The closest I’ve come to ‘making’ a gingerbread house was using the IKEA gingerbread house kit. It was not much of a success with us. Some of the parts were already broken in the box and the house didn’t seem sturdy when it was completed. I also wasn’t keen on my kids eating it with all that sugar and preservatives. I didn’t grow up making these houses as a family tradition, and to be honest, I wasn’t sure what the fuss was all about! 🙂
However, it’s Lockdown Part 2 in our part of the world and added to that, it’s almost Winter. I am desperately looking for indoor activities that I can do with my kids, and making a gingerbread house from scratch seemed like an interesting and seasonally-appropriate challenge to undertake.
I found a recipe that looked reasonably easy:
There were two attempts:
For the first attempt, I replaced half of the golden syrup with molasses, and that gave the dough a lovely, dark brown colour. I also reduced the white sugar by half. I made the dough on one night and then refrigerated it overnight. The resulting dough was hard as a brick and needed a couple of hours to soften a bit. I have to say rolling out the dough to the correct thickness (2 – 3mm) was not so easy because of just how hard the dough was (not sure if reducing the white sugar had anything to do with it). The recipe comes with a template that I printed out and placed over my rolled dough.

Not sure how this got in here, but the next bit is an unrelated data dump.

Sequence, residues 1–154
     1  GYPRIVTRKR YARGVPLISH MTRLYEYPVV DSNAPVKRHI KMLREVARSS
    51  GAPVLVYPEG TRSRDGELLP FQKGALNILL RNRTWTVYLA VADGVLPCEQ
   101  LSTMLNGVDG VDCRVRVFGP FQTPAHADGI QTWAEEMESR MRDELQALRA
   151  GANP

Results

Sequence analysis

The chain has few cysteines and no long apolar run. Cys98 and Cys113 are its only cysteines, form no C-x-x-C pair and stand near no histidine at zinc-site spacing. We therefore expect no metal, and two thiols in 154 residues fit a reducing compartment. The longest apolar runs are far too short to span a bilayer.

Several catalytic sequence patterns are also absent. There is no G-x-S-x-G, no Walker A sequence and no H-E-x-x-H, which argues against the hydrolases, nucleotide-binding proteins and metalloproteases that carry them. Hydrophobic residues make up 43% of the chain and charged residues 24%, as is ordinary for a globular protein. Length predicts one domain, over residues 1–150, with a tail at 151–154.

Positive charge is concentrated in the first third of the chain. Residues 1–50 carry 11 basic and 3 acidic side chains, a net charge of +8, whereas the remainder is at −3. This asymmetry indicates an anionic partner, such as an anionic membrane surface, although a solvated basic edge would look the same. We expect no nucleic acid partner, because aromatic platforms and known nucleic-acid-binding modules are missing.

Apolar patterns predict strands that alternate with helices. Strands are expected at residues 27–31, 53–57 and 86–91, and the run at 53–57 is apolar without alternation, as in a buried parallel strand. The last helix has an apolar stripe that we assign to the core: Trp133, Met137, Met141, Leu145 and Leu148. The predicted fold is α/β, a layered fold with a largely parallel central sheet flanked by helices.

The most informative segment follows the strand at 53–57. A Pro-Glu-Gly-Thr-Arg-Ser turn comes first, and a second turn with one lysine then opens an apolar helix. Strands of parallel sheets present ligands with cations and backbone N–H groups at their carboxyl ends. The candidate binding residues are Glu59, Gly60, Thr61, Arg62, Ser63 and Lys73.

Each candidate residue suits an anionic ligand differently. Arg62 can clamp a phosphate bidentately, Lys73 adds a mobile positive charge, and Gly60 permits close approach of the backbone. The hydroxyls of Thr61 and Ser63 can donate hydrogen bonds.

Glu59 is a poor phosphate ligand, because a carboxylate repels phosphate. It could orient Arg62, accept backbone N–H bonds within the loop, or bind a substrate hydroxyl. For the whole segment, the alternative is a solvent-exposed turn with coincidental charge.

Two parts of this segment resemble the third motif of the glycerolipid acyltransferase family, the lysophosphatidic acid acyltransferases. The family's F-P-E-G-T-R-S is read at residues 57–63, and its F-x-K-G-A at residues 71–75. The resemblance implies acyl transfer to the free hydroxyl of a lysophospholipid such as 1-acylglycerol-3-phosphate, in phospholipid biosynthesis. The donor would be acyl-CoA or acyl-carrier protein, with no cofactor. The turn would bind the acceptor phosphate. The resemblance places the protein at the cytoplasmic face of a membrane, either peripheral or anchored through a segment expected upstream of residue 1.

Making the individual parts was a lot of work: I divided the dough into quarters and rolled out each quarter to trace out all the big house pieces (the two side walls, front and back wall and the two roof panels). Re-rolling the trimmings was cumbersome because the dough did not stick together properly and kept breaking apart. Any cracks in the dough had to be fixed by ‘pinching’ the cracks together with my fingers before baking. I had read in another recipe that it was better to keep the cut-out doors and windows in the dough during baking as it helped to retain the shape of the house. So I did this with the first attempt, and the baked pieces looked beautiful when I took them out of the oven.
Unfortunately though, when we tried to remove the baked doors and windows, the pieces cracked!
So on to attempt 2: I made the dough using half of the white sugar, but this time I used the entire amount of golden syrup. I also added half a teaspoon of mixed spice because I thought the dough needed more flavour. I cut out the doors and windows and actually removed them from the pieces before baking. They were fine when baked, not perfect but shabby chic perfect! I liked the idea of using boiled sweets for the windows as the recipe suggests, but unfortunately, I could not find any in the shops near where I live.
Once the pieces were cooled, my husband set to work sticking the pieces together with icing. He added a bit of water to the icing mixture because it was too thick and he lightly grated the sides of the house to get it even before putting them together.
Overall, it was a lot of work, but the result was beautiful and worth it! The kids had a fun evening sticking sweets onto the house and were asking whether they could eat the house at the end. We decided not to ….there is so much sugar!!..and instead placed it as a showpiece on our bookshelf and gave the kids a couple of candies to enjoy.
I think we might have started a new yearly family tradition!